Artists & Designers
Wood & Hughes (American, 1845-1899)
In 1833, silversmiths Jacob Wood and Joseph Hughes left the firm of William Gale, Sr. eventually forming their own firm, aptly named Wood & Hughes. The Gale and the Wood & Hughes firms grew to be, for a time, the largest manufacturers of silverware in the country. The Industrial Census of the State of New York for 1855 reports that Wood & Hughes produced an annual product of $225,000 and employed 105 individuals. The outbreak of the Civil War in 1861 seriously threatened the existence of the firm since, like many other New York and Philadelphia firms, they had a great many southern accounts which were suddenly uncollectible. Soon thereafter, however, the northern economic boom created by the Civil War enabled Wood & Hughes to survive and even prosper.
This Wood & Hughes firm produced a full line of table silverware, including numerous ornamental patterns of flatware. Many of these were patented by Charles F. Richers, who was likely chief designer during the 1860s and 1870s. A number of Wood & Hughes's flatware designs were also patented by Charles Witteck, who worked for them for a period following dissolution of the Beiderhase firm.
In 1891 the Wood & Hughes building suffered a disastrous fire from which the company never fully recovered. The fire resulted in the "loss of records, models and patterns." In 1899 the partners made it known that they wished to sell out. At that time, Mr. Frost of Black, Starr & Frost suggested to Clarence A. Dunn that he, along with his other young friends, Charles Graff and William L. Washbourne, form a partnership to buy out Wood & Hughes. Frost assured them that his prestigious retail outlet wanted a special relationship with a good silverware manufacturer. This was evidently true since large amounts of Black, Starr & Frost silver bears the manufacturing logo of Graff, Washbourne & Dunn. Also, much of the silver retailed by Black, Starr & Frost shows stylistic evidence of having been produced in the Graff, Washbourne & Dunn shops, although it lacks the firm's manufacturing mark.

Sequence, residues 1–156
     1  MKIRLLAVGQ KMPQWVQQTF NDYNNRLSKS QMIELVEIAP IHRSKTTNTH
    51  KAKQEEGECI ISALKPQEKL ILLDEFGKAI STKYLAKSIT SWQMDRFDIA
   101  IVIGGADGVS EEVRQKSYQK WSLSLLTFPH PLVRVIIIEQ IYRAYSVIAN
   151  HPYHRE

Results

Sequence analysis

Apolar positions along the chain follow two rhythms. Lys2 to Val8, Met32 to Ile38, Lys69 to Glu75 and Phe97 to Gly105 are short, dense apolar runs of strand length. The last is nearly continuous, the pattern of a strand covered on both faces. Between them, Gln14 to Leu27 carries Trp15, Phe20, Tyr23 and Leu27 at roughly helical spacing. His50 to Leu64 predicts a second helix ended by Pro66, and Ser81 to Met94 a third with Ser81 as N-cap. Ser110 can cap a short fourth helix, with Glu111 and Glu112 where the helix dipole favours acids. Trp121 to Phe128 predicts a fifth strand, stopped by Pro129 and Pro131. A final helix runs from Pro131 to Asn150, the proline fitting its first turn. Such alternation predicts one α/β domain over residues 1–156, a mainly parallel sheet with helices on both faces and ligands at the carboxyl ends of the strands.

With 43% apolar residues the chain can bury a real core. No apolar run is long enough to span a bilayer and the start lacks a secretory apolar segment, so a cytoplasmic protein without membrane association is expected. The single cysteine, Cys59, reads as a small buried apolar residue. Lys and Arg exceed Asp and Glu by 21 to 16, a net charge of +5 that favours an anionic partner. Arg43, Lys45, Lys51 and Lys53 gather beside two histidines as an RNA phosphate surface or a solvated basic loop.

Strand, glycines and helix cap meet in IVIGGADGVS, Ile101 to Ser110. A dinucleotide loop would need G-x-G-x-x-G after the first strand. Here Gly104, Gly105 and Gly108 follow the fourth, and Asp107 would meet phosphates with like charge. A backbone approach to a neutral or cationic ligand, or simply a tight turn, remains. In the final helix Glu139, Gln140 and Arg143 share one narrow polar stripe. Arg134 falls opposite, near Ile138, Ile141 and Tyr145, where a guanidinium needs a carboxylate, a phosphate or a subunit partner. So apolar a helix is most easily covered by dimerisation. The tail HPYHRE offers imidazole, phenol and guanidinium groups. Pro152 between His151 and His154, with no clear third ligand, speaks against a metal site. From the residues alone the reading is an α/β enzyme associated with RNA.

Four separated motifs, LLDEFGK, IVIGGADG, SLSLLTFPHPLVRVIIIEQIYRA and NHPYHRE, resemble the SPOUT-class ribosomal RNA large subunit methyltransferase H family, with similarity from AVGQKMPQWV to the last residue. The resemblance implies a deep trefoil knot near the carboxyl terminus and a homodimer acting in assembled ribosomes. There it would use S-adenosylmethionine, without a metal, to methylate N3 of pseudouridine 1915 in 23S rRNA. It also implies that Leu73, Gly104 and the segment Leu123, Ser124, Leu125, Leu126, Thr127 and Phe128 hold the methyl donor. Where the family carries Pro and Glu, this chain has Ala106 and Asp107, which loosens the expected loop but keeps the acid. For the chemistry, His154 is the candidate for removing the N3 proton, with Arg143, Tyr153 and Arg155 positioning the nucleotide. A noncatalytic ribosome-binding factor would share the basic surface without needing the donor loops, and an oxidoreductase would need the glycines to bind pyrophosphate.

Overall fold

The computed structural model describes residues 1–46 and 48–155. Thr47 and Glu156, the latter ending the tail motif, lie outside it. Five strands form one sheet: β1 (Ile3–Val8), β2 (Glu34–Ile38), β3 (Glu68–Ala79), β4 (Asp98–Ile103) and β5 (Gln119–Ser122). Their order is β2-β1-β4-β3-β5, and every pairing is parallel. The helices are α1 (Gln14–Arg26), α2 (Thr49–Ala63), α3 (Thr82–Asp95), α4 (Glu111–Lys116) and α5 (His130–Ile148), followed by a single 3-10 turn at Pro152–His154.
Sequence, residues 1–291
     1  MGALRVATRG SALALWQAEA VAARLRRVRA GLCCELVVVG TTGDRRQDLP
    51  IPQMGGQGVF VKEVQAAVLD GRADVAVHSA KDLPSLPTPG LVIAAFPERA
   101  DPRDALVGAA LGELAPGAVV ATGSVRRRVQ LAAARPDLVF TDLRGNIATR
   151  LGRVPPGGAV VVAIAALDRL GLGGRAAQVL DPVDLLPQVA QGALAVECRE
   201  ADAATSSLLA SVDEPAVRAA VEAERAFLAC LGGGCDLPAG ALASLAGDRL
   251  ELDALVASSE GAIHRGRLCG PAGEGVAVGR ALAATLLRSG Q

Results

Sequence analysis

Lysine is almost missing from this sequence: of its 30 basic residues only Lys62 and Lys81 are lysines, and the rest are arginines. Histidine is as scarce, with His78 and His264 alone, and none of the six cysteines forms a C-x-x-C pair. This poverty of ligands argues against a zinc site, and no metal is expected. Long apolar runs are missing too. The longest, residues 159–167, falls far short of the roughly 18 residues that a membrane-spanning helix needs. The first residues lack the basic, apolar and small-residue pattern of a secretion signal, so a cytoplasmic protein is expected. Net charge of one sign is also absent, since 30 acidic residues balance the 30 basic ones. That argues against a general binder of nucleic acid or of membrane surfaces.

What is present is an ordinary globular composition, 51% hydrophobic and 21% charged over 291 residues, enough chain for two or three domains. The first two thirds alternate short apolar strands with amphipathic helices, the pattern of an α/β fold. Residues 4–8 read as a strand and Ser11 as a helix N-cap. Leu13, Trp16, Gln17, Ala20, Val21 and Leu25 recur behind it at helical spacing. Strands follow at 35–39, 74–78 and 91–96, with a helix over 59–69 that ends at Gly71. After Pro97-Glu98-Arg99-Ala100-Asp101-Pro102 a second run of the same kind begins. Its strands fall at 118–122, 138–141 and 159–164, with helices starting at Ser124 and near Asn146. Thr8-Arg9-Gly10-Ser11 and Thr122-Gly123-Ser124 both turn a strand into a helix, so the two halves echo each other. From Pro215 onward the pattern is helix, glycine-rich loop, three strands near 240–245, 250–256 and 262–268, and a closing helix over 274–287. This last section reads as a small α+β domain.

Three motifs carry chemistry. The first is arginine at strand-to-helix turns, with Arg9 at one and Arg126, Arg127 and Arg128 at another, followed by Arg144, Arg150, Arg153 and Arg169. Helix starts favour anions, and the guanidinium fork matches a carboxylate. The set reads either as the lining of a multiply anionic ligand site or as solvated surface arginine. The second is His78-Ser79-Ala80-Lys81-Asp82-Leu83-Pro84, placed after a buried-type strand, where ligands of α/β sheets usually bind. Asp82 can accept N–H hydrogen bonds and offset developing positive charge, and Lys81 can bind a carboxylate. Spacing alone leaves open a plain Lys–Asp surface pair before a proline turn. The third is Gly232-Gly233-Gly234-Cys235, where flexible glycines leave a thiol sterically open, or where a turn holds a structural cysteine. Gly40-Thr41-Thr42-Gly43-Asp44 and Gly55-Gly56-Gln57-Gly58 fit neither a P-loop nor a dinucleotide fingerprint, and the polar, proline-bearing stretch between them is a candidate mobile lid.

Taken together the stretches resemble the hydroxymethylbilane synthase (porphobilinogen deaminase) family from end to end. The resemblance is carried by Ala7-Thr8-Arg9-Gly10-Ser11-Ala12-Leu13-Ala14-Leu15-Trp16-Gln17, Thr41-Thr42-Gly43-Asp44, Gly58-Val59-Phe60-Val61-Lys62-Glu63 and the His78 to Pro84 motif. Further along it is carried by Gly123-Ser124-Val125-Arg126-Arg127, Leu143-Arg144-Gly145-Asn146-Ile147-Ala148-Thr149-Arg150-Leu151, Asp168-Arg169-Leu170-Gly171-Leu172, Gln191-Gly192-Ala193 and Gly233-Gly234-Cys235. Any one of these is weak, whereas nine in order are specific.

- Charles L. Venable, Silver in America, 1840-1940: A Century of Splendor (Dallas, Texas: Dallas Museum of Art; New York, New York; Harry N. Abrams, Inc., 1994), 324.